• Class B – allows driving of vehicles with GVWR above 26,000 pounds, if towing the GVWR of the trailer must not exceed 10,000 pounds. In other words, cement trucks, dump trucks, heavy-duty box trucks, and so on.
  • Class C – allows for using some special vehicles irrespective of their GVWR, those intended for transporting more than 16 passengers or hazardous materials. In other words, this license is for buses and tank trucks.

Read also: What Is The Class B CDL Max Weight Limit

What are GCWR and GVWR?

Gross Combined Weight Rating and Gross Vehicle Weight Rating are very important facts about the vehicle you plan to drive and tow when the need for a CDL is in question.

The Gross Vehicle Weight Rating or GVWR is the maximum allowed weight for any vehicle, whether it is a towing or towed one.

All vehicles have it specified by the manufacturer, and all have it, it doesn’t matter whether it is a passenger car, a truck, RV, or a trailer.

It includes everything when it comes to a weight of a vehicle, its curb weight, all of the fluids at the maximum capacity, passengers, any other cargo, plus the maximum tongue weight rating of your vehicle.

For trailers, the GVWR is simply the sum of dry weight and maximum payload.

All of these things, and people, when loaded into your vehicle, must not exceed the GVWR written on the sticker on the inside of the driver’s doors on your vehicle.

Read also: Do I Need A CDL For Private Or Personal Use?

Gross Combined Weight Rating is all of that, but for when towing one or more other vehicles.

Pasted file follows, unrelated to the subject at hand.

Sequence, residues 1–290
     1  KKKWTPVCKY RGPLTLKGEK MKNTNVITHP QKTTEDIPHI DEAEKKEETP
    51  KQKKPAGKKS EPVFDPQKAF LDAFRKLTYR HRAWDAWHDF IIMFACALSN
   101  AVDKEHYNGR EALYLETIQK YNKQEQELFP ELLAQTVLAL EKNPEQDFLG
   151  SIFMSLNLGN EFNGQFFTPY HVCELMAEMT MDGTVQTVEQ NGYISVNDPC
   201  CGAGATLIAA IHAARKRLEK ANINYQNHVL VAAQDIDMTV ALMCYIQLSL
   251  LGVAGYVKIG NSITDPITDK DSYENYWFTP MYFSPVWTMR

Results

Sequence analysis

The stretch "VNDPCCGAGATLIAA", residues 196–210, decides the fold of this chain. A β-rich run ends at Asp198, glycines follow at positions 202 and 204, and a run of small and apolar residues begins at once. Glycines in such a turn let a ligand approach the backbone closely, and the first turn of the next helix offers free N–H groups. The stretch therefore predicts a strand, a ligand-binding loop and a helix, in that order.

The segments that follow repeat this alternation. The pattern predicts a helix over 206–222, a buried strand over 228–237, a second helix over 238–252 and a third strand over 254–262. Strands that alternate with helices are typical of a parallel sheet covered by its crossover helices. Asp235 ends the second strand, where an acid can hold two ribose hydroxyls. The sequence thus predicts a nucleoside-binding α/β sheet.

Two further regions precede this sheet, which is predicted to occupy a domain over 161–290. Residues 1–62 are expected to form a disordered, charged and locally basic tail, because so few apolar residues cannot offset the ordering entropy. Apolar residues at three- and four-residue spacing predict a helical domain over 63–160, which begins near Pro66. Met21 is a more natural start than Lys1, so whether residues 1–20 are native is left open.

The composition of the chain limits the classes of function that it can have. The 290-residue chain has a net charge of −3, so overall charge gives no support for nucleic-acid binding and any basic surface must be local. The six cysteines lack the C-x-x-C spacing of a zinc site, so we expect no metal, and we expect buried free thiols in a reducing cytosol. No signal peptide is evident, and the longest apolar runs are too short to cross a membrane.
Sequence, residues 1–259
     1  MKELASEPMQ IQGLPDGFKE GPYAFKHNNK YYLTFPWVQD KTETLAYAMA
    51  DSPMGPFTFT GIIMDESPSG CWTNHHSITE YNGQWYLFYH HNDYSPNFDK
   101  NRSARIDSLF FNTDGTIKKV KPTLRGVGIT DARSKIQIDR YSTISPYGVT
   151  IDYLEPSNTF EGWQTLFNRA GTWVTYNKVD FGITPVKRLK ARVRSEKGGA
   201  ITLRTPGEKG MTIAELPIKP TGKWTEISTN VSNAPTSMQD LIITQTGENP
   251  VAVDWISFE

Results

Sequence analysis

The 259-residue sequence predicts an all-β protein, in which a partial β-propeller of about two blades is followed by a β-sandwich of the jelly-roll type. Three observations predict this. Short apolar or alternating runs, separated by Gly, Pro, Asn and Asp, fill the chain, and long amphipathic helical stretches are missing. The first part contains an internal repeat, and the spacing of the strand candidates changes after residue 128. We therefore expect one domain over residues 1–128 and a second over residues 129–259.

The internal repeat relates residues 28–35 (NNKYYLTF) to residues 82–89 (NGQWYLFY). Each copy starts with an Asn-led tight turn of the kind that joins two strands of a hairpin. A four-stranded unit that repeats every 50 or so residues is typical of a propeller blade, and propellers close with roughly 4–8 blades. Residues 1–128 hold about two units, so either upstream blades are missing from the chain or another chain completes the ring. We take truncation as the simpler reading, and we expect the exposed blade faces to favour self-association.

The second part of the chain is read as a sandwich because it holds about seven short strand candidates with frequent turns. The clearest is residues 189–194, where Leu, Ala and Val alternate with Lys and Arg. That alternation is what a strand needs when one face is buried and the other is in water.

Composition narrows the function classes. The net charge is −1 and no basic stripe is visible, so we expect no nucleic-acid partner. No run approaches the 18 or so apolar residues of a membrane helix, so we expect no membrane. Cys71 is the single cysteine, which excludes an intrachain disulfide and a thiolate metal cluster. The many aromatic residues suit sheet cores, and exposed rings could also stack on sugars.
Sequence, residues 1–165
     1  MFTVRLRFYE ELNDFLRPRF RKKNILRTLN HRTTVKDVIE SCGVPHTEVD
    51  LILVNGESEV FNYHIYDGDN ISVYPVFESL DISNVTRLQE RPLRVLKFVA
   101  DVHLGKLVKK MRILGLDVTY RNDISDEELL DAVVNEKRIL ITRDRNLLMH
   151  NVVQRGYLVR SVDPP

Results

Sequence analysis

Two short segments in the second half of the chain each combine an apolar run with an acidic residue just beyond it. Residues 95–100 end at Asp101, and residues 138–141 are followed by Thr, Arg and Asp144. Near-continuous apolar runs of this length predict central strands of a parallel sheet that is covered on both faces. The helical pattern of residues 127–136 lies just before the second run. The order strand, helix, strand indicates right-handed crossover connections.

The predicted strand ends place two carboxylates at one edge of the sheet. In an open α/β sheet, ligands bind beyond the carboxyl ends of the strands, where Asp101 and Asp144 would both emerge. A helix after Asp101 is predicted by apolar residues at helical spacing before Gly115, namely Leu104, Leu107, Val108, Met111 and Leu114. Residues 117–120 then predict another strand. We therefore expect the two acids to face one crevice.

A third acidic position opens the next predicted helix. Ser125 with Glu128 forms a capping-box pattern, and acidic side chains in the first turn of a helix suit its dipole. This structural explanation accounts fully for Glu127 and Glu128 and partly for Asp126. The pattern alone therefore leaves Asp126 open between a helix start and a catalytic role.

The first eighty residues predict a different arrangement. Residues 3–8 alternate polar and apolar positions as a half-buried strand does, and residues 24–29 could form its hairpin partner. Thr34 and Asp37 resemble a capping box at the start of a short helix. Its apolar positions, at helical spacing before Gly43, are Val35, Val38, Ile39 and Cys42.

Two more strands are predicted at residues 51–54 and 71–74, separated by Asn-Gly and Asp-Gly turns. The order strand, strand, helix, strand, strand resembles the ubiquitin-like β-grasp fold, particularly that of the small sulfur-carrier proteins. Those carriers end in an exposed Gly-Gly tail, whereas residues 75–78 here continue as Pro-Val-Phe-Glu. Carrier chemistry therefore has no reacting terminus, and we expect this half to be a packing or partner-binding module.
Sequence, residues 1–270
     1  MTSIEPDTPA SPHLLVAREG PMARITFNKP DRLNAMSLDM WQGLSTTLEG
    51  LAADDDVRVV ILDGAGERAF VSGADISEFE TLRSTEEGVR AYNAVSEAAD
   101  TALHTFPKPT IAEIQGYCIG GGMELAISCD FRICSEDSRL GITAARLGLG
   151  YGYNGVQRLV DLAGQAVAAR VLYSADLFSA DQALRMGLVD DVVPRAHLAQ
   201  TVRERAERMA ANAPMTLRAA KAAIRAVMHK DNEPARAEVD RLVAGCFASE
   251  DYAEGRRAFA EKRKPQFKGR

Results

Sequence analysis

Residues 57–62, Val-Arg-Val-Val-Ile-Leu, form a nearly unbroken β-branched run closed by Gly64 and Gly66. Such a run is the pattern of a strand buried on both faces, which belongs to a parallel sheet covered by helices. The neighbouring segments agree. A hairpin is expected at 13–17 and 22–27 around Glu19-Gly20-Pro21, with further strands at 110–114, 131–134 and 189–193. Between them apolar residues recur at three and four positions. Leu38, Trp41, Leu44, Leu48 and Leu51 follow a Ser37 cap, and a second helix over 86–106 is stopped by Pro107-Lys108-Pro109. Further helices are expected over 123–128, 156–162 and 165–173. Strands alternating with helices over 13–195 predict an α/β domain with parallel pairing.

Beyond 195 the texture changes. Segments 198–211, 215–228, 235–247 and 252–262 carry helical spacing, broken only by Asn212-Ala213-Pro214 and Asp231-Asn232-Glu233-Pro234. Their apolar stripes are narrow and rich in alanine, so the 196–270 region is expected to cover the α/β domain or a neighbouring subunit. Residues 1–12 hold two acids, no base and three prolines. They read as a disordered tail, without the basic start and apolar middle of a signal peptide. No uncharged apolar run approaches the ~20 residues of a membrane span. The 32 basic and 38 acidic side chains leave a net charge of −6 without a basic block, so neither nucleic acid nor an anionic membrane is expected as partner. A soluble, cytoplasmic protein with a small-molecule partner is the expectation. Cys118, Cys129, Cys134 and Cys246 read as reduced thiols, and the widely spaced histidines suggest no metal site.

When talking about GCWR, you have to have in mind that this rating takes into account also the maximum capacity of various tanks some vehicles can have, for example, black and gray water tanks on RVs.

But it excludes the tongue weight rating of the towing vehicle, as it is 10-20% of the trailer’s weight that is carried by the rear axle of the towing vehicle and thus a part of the trailer’s GVWR.

GCWR covers the sum of GVWRs of towing and towed vehicles, and in some cases, there can be more than a single towed one, such as with double- or triple-trailer trucks.

One thing you must be cautious about is that many car manufacturers do state something they call GCWR for their vehicles, particularly trucks.

This is a misleading number, as it is calculated from the vehicle’s GVWR and maximum towing capacity, in other words, it is the maximum allowed GCWR for that vehicle.

It does not mean that you need a CDL if this number is above 26,000 lbs, as the CDL requirement concerns a trailer you have attached and not a trailer you could tow.

Read also: What Are CDL Restrictions?

Here are some of my favorite services, products, and Stores

Thank you for reading this article. I hope it helps you find the most recent and accurate RV, camping information. Here are some services, products, and Stores that I use and hope you´ll also find helpful.

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Mike Gilmour

Hi, I'm Mike, co-founder, and editor of RV and Playa. My passion is traveling (with my RV) and enjoying the day at the beach (Playa)! Well, I originally created this blog as a way to share what I've learned by experimenting with the RV lifestyle, and I want to help others develop in life through new skills and opportunities.